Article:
NCAR and CU-Boulder to Join Intel Parallel Computing Centers Program
BOULDER, Colo., April 23 — The National Center for Atmospheric Research (NCAR) and the University of Colorado Boulder (CU-Boulder) announced today that they will join the Intel Parallel Computing Centers program. Participants in the program will develop methods to increase the performance of applications that use advanced microprocessor technologies and will help train the next generation of scientists and engineers who will apply these new technologies to challenges of societal importance.
The NCAR/CU team will focus on weather and climate applications, including the NCAR-based Community Earth System Model (CESM), Weather Research and Forecasting model (WRF), and Model for Prediction Across Scales (MPAS), three of the most widely used applications in the field. The Indian Institute of Science in Bangalore, India, will also collaborate with the NCAR/CU-Boulder team on the project.
This international public-private partnership is one of several Intel Parallel Computing Centers being established with recognized high performance computing institutions and research groups. It is part of the research and academic work that Intel supports in the quest for increasing efficiency and optimization of parallel microprocessor computer architectures.
NCAR’s advanced research version of the Weather Research and Forecasting model (WRF) was used last year to simulate air flow in and around 2012’s Hurricane Sandy. In this 3-D simulation of potential temperature, relatively cool air wraps around Sandy’s core near the surface (purple and blue colors), while air parcels gain heat from moisture condensing into clouds and precipitation as they ascend through the storm’s core. (©UCAR. Image courtesy Mel Shapiro, NCAR. This image is freely available for media & nonprofit use). Video animations are available of this simulation and several others here.
To solve today’s most challenging scientific problems, computer scientists must coordinate many processing elements, assuring they work together efficiently on the same problem. Called parallel processing, this approach is essential to exploiting the power of the latest generation of Intel processors.
“This partnership will accelerate the important work we are doing to prepare both our applications and our workforce to tackle the next computational challenges in weather and climate simulation,” said Thomas Bogdan, president of the University Corporation for Atmospheric Research, which manages NCAR on behalf of the National Science Foundation. “It helps us conduct valuable, in-depth research on Intel architecture, and it underscores the value of working with industry in preparing for future technologies and training bright young minds in these fields.”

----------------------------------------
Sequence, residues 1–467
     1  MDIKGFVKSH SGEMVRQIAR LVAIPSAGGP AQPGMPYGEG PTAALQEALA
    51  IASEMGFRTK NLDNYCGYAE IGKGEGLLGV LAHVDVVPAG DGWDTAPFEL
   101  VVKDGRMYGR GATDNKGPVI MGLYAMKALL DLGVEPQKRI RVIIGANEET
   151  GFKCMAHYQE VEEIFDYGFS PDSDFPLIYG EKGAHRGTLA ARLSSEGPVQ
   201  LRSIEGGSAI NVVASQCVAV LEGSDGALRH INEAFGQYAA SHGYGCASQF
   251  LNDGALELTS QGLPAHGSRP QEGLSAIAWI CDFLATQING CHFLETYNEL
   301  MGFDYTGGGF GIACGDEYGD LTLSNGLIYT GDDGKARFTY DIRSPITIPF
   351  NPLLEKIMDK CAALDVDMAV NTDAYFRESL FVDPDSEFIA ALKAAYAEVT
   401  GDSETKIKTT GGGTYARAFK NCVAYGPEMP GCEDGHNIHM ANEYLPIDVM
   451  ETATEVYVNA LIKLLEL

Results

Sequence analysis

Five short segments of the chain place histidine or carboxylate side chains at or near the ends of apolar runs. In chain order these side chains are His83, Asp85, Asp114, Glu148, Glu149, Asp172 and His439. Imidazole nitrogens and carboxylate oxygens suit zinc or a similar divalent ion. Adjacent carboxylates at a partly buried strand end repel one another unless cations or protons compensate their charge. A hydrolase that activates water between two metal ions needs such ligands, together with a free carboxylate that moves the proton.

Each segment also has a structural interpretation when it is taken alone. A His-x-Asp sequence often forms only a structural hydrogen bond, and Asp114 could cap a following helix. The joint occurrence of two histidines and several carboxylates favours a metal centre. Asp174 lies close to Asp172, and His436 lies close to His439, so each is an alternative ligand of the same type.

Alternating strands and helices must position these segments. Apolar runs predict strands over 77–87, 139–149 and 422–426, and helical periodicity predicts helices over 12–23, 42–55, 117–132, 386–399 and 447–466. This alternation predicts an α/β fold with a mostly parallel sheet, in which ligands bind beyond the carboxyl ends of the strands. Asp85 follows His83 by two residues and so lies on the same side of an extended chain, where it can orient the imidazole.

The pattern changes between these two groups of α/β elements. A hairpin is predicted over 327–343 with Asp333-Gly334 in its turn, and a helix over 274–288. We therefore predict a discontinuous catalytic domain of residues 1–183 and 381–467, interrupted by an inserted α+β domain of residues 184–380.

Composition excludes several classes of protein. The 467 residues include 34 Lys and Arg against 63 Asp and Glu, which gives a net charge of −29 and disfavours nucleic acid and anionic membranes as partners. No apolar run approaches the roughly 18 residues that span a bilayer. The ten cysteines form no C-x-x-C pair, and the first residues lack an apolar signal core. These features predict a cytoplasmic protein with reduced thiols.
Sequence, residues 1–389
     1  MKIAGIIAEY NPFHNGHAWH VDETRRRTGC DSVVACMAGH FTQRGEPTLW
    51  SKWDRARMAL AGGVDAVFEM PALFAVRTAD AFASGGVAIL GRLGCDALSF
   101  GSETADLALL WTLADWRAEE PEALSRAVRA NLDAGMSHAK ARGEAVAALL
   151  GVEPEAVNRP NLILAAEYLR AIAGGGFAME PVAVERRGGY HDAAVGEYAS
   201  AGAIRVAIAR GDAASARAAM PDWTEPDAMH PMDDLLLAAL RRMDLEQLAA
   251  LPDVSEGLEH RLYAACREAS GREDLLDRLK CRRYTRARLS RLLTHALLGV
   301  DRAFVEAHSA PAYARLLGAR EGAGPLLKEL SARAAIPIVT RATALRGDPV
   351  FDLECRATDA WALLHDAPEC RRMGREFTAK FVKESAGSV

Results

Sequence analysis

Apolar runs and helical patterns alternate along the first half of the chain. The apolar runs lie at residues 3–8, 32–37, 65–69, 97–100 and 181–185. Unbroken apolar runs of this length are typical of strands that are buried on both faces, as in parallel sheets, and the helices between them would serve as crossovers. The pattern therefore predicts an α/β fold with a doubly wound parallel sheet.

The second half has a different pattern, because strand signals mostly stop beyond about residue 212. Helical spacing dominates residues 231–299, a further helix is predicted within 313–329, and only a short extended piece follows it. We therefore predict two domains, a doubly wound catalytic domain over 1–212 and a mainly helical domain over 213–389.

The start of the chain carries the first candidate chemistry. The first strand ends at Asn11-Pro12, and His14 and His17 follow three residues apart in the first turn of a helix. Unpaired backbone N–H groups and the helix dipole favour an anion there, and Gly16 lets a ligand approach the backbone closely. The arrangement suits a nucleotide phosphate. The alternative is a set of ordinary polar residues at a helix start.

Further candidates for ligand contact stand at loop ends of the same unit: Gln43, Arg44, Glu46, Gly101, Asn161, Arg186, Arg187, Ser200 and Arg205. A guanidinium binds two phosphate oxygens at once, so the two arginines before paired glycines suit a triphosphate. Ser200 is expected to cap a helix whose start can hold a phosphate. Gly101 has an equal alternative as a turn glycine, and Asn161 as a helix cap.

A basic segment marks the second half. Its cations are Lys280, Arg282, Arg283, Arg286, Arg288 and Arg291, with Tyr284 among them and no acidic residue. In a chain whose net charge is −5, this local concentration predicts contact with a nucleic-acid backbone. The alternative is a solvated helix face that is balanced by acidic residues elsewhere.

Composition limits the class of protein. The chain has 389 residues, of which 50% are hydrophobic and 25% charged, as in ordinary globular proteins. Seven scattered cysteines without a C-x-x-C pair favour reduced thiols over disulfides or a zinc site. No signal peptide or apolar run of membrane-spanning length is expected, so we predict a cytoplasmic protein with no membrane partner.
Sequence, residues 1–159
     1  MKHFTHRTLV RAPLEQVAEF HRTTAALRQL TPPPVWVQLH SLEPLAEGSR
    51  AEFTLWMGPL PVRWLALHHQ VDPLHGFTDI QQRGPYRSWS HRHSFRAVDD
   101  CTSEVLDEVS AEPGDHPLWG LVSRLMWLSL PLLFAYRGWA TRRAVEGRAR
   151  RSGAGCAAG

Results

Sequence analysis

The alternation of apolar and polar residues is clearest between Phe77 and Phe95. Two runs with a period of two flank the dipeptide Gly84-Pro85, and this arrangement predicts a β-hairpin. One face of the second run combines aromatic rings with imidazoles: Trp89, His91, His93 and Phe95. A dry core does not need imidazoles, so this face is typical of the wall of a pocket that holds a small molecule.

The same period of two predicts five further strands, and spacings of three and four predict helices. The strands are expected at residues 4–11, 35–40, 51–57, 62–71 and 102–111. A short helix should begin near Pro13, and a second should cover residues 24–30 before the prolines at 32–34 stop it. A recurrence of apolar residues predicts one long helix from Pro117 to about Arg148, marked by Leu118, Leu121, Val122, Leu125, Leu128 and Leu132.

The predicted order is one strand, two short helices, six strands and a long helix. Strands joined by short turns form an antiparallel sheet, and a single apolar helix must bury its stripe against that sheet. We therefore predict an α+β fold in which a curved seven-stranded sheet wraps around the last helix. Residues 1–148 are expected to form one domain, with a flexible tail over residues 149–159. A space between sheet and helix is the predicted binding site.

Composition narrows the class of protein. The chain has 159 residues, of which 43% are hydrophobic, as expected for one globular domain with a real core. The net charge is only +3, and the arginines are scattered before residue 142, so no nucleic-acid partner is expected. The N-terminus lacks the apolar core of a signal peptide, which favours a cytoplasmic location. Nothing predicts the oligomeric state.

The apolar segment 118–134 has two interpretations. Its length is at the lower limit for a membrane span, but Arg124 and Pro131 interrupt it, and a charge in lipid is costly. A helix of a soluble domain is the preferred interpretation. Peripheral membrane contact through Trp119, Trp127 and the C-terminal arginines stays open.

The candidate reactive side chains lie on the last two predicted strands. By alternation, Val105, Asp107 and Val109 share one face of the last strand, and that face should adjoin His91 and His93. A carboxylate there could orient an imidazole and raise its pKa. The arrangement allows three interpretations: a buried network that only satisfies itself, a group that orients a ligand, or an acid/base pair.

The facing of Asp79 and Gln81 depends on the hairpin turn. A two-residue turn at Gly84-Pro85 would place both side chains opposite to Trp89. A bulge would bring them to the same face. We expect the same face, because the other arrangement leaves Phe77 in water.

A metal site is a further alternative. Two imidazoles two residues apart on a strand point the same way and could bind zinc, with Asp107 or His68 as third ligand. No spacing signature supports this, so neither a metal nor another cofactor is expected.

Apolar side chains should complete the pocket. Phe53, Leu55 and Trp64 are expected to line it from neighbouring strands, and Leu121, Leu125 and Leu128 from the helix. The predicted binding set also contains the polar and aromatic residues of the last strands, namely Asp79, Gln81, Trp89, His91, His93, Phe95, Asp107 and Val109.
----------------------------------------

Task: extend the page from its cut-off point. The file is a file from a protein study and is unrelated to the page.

The models that simulate climate and weather have an insatiable need for increased computing power, and as the physical models evolve, the computational algorithms must also keep pace in order to run efficiently at ever-increasing resolutions that provide enhanced detail. Importantly, preparing applications for the next generation of parallel processors and supercomputers will ensure a smooth transition when these systems become widely available.
The collaboration with NCAR and Intel provides an exciting opportunity for CU-Boulder graduate students to participate in research that will prepare climate and weather code for the next generation of Intel processors. Students will have the opportunity to collaborate with scientists on large-scale computational problems that have a real impact.
Thomas Hauser, CU-Boulder’s Director of Research Computing, said, “This project will give me the opportunity to have students in the High-Performance Scientific Computing class work on projects that are connected to this effort with access to Intel’s newest architectures.” Research Computing at CU-Boulder is in the process of setting up a small cluster containing the Intel Xeon Phi coprocessor, provided to CU-Boulder by Intel, in order to give students and researchers at CU-Boulder access to these new Intel architectures for porting and tuning their scientific applications.